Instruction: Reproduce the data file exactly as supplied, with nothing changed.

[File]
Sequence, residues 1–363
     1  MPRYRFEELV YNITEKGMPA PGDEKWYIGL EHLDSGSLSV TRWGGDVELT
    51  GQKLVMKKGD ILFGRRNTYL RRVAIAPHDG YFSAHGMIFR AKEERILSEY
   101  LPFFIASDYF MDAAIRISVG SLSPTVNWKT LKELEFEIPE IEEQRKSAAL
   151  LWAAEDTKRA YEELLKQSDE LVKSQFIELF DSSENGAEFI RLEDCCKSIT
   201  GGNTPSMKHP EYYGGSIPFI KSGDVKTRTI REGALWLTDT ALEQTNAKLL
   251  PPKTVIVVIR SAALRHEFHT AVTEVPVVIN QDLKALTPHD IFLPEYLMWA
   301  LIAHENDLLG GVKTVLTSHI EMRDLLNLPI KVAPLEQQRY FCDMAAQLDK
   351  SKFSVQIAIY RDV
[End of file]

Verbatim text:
Sequence, residues 1–363
     1  MPRYRFEELV YNITEKGMPA PGDEKWYIGL EHLDSGSLSV TRWGGDVELT
    51  GQKLVMKKGD ILFGRRNTYL RRVAIAPHDG YFSAHGMIFR AKEERILSEY
   101  LPFFIASDYF MDAAIRISVG SLSPTVNWKT LKELEFEIPE IEEQRKSAAL
   151  LWAAEDTKRA YEELLKQSDE LVKSQFIELF DSSENGAEFI RLEDCCKSIT
   201  GGNTPSMKHP EYYGGSIPFI KSGDVKTRTI REGALWLTDT ALEQTNAKLL
   251  PPKTVIVVIR SAALRHEFHT AVTEVPVVIN QDLKALTPHD IFLPEYLMWA
   301  LIAHENDLLG GVKTVLTSHI EMRDLLNLPI KVAPLEQQRY FCDMAAQLDK
   351  SKFSVQIAIY RDV